WARNING: A Fake International Conference on Nitrogen Fixation, ICNF London.


   Wageningen University

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Latest News

Title Summary #

This is our first news of 2019 so we hope you all enjoyed a good break and wish you all a peaceful, productive and enjoyable year ahead. We’re now in the last six months of funding from the Bill & Melinda Gates Foundation. Our N2Africa teams in Ethiopia, Ghana, Nigeria, Tanzania and Uganda have been very busy conducting a large survey to understand the outcomes and impacts of the programme. ...

NoduMax production and sales

During the 2018 rainy season, about 7.2 tons of NoduMax inoculant was distributed in seven countries; namely, Benin, Burkina Faso, Cameroon, Ghana, Mozambique, Nigeria, and Togo. The product has been successfully registered in Nigeria and partially in Ghana. ...

Photo: A 300 ha field of soyabean inoculated with NoduMax at Kaboji, Niger



New soybean inoculant registration stems from collaboration between N2Africa and Rizobacter
350 Rizoliq Soy, a liquid rhizobia inoculant for soybean with the highest quality standards recently gained approval by local authorities to be commercialized in Tanzania. Behind this achievement is a recent public-private partnership between Rizobacter and IITA Tanzania, mediated by N2Africa. ...
Inoculant production and use in Zimbabwe for the last five years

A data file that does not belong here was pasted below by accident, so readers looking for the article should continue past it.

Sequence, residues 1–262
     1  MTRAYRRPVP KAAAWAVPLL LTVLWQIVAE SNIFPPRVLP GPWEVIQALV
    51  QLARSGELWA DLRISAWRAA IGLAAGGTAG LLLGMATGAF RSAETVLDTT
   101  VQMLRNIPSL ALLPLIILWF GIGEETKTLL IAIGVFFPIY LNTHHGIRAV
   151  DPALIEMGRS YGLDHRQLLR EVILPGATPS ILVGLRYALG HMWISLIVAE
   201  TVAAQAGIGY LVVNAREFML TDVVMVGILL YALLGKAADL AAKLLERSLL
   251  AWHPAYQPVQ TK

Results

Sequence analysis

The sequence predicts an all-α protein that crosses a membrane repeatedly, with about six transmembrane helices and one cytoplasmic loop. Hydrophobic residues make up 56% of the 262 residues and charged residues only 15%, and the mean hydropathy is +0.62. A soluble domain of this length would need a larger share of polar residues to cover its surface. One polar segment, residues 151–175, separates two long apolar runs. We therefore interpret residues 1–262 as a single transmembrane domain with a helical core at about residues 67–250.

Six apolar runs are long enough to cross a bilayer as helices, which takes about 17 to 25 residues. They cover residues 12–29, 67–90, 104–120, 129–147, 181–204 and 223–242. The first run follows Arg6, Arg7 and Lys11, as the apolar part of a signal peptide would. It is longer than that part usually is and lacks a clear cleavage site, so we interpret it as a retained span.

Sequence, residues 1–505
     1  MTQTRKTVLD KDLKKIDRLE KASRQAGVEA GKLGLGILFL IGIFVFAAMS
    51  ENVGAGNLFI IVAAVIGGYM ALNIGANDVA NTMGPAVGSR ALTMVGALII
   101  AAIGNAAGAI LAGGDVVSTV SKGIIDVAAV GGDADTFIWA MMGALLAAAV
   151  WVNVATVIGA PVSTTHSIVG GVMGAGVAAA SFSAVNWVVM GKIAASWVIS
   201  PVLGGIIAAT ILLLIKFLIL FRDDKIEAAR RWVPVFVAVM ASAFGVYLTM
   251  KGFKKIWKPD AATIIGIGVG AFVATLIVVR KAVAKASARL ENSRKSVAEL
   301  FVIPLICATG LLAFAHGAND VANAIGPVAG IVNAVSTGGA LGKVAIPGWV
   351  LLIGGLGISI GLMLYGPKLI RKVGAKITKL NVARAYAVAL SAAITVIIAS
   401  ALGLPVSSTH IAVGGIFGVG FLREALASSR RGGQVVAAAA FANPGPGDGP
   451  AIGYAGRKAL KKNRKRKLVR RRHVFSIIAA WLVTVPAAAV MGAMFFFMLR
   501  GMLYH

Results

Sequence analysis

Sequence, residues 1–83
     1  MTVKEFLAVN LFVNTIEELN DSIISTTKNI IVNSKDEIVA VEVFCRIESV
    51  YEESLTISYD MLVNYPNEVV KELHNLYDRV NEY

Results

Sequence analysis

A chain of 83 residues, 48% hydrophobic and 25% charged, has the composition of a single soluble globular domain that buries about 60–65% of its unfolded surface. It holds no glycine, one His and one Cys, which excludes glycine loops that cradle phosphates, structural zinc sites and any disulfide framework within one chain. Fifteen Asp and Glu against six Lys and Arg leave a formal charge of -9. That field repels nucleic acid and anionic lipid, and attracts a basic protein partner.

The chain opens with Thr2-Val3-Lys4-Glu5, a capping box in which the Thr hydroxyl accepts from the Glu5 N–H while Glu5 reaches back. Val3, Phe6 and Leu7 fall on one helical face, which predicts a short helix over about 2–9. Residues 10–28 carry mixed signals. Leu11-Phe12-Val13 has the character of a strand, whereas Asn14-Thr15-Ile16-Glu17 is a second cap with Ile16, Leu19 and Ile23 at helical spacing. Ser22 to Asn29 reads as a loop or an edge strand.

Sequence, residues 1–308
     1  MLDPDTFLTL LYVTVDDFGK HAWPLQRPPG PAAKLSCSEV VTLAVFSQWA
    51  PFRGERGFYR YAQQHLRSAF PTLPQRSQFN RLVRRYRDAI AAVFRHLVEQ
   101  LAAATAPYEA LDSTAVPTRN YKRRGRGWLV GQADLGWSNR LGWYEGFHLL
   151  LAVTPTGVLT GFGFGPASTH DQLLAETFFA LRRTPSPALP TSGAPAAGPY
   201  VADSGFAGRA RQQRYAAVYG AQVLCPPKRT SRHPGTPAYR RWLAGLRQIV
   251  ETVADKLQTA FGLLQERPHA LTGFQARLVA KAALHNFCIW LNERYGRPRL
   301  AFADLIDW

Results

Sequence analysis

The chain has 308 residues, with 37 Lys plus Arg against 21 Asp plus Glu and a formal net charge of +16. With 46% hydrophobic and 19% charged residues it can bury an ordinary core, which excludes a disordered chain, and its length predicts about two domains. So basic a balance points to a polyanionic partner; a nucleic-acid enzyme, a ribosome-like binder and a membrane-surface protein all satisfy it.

Zimbabwe has traditionally grown soyabean with inoculation since the 1960’s, particularly in the large scale commercial farms. The country has a government run inoculant production facility at the Soil Productivity Research Lab (SPRL), producing inoculant for a wide range of legumes. ...

Photo: Inoculated in foreground - uninoculated behind the farmers

Inoculated in foreground
LEGUME Technology expanding in Africa

Legume Technology are now in final commercial discussion with FarmAg International to begin commercial supply of legume inoculants across Africa. With initial targets in South Africa, Zambia, Malawi, Mozambique, Angola, Tanzania and Uganda we aim to have distribution and sales in many more over the coming 2-3 years. ...

Graph: Results from South Africa where FarmAg placed LEGUMEFiX and LIQUIFiX in independent trials against a major brand in the market

An update on Nitrofix in Malawi
AISL begun local production and distribution of Legume inoculant in 2015 following a working arrangement it had with Department of Agricultural Research Services (DARS) in Malawi. From a pilot production of 20,000 sachets in 2015 AISL is now able to produce and sale over 400,000 sachets of legume inoculant. ... AISL new building
Secondary benefits of strigolactones from legumes to control striga parasitism in Kenyan cropping systems
Fig 1 The parasitic weed striga (Striga hermonthica) is able to draw nutrients directly from a suitable host plant such as maize through a haustorium, an underground root-root connection. In regions of sub-Saharan Africa (SSA) including Western Kenya, striga can cause up to 70-100% yield loss in fields of maize and other crops...
N2Africa publications

Phenotyping and yield stability studies in soybean (Glycine max (L.) Merrill) under rhizobia inoculation in the savanna region of Nigeria. 2017. PhD thesis by Kehinde Dele Tolorunse

Reports and other output uploaded on the N2Africa website
  • Stakeholder Consultations Report
  • Fourteen MPhil, MSc, MA theses and Internship reports